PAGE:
For the Vuculj people, the Five-Year Ritual is the largest ceremony with the most symbolism. The Vuculj believe that the ancestral spirits living on Mt. Dawu will visit their descendants in the village every five years. Therefore, they hold this ancestral ritual every five years. During Japanese colonization, the scale of the ritual was so large that the colonial government intervened in the ritual and prevented some tribes from holding it. Currently, the Five-Year Ritual is held by the Kuljaljau, Pucunug, and Vungalid tribes of Laiyi (Tjalja’avus) Township; Pailjus and Takamimura tribes of Nanhe (Cukalatju) Village; and Lalekeleke, Tjuvecekadan, and Kinayiman tribes of Chunri (Kasuga) Township in Pingtung; and the Tjuabal tribe of Tadren Township in Taitung.

The Five-Year Ritual is divided into three parts: Pre-ritual, Main Ritual, and Post-ritual (the case of Kuljaljau tribe):

◎ Pre-ritual

The pre-ritual is held to make preparations for the main ritual, including the sanctification of the tribal space, the cleansing of the road for ancestral spirits, the building the shoot-ball (djemuljat) rack, making the shoot-ball pole (diuljat), weaving the shoot-ball (qapudrung), and preparing the required offerings and food, including millet wine and millet cakes.

◎ The Main Ritual

● Reception and Entertainment of the Spirits and Shoot-ball When receiving the spirits, the shaman and the priest will recite the names of the ancestral spirits in the divine world, make offerings of millet cakes, pork, pork bones, and millet wine, and sing and dance to entertain them. Afterwards, the priest will preside over the ritual and start the ball shooting ritual (qemapu dung). Before throwing the shoot-balls (qapudrung), the priest practices a simple ritual to assign different meanings to each ball, such as good harvest, health, and happiness. The ball-shooting is the most impressive event of the ritual.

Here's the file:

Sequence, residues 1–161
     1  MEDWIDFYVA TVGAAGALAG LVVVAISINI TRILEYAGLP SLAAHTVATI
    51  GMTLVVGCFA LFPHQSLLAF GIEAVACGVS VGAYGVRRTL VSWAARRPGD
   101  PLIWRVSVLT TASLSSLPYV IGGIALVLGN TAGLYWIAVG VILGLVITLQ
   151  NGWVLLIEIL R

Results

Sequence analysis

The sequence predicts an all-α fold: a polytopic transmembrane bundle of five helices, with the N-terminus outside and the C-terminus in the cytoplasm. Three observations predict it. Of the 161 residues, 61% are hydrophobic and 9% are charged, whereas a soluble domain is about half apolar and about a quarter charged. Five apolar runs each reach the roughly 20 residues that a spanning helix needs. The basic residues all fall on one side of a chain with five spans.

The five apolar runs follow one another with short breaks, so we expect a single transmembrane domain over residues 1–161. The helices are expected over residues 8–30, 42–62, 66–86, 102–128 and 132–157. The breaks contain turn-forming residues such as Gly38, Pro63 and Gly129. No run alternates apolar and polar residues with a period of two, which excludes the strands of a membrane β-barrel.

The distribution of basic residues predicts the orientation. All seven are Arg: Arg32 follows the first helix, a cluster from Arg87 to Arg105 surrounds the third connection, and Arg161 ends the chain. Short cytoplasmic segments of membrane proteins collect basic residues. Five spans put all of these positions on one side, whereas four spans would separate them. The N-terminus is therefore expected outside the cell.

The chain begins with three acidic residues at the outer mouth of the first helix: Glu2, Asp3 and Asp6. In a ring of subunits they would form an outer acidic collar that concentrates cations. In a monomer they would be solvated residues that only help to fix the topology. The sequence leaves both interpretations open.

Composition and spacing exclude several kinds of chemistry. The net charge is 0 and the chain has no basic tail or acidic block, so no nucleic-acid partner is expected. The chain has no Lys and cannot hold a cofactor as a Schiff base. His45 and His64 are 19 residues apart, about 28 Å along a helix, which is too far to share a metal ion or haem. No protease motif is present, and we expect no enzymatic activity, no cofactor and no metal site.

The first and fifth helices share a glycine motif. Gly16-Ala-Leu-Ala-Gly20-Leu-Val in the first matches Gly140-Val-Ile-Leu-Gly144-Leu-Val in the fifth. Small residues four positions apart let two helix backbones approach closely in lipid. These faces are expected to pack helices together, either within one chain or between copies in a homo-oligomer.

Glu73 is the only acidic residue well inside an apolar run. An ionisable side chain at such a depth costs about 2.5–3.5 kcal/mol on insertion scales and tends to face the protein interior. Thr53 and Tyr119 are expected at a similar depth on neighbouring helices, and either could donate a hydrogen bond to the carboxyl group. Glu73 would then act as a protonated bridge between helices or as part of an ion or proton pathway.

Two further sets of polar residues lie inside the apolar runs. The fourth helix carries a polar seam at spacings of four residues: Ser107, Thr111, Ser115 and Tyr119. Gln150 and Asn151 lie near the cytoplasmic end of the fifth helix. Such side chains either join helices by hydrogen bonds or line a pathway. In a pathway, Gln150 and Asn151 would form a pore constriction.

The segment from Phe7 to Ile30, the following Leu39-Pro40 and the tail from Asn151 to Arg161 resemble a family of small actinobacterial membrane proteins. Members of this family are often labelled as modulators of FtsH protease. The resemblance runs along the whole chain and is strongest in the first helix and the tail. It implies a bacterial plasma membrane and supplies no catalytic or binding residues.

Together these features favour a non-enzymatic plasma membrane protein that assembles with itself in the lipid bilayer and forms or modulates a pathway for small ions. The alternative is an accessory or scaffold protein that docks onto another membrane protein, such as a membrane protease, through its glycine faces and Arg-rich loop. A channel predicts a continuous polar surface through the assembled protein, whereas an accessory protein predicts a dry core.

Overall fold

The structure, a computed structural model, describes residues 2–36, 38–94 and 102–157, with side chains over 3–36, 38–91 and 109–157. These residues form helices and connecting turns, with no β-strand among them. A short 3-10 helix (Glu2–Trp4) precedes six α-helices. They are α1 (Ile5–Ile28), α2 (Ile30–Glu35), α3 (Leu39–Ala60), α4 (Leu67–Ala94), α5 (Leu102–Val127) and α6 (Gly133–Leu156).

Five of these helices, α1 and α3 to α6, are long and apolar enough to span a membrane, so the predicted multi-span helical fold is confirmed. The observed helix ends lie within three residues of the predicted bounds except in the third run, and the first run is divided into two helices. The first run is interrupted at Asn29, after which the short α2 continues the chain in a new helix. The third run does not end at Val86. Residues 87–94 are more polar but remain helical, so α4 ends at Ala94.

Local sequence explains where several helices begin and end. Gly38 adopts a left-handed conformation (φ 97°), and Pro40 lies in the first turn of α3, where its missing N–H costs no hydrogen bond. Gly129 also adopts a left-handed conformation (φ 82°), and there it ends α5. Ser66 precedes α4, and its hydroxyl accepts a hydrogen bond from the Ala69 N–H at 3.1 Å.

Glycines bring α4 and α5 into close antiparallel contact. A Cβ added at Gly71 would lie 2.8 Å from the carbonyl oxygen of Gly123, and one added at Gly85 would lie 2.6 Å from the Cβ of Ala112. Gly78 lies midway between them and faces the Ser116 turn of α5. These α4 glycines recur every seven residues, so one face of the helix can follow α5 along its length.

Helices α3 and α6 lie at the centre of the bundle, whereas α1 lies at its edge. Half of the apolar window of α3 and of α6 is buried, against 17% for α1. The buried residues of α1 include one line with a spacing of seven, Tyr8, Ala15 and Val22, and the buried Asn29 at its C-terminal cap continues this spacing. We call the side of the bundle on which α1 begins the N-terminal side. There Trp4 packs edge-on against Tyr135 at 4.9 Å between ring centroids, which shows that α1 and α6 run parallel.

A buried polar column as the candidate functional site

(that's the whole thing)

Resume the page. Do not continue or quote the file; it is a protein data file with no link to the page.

● Driving Evil Spirits Away (pusau)

On the second day of the ritual, every household will perform the spirit entertainment ritual and treat friends and relatives with a feast. In the afternoon, the shaman will perform the ritual of driving evil spirits away (pusau) in the ancestral spirit house, and every household will prepare offerings for evil spirits. Afterwards, warriors under the guidance of the priest will quickly chase/drive/banish the spirits out of the tribe

● The Feast (zemiyan)

A feast featuring singing, dancing, and drinking is held on the third and fourth days for ancestral spirits to gather with friends and relatives.

● The Last Shoot-ball (kadjuq)

The ball shooting ritual (qemapu dung) is held on the fifth day at noon in the ancestral spirit house in order to send off the good spirits. The shaman pays homage to the good spirits with spells, and people will send them off with offerings, singing, and dancing. Many men and boys carry offerings to send ancestral spirits to the place symbolizing the spiritual world of the tribe. After sending off the good spirits, people will go back to the ball shooting site for the last shoot-ball (kadjuq) ritual.

◎ Post-ritual

The Five-Year Ritual is concluded with hunting and termination of restrictions on the sixth and the seventh days of the ritual. If another ancestral spirit ritual is held in the next year, it is called the “Six-Year Ritual”. The process is the same as that of the main ritual, except that the ball-shooting ritual is omitted.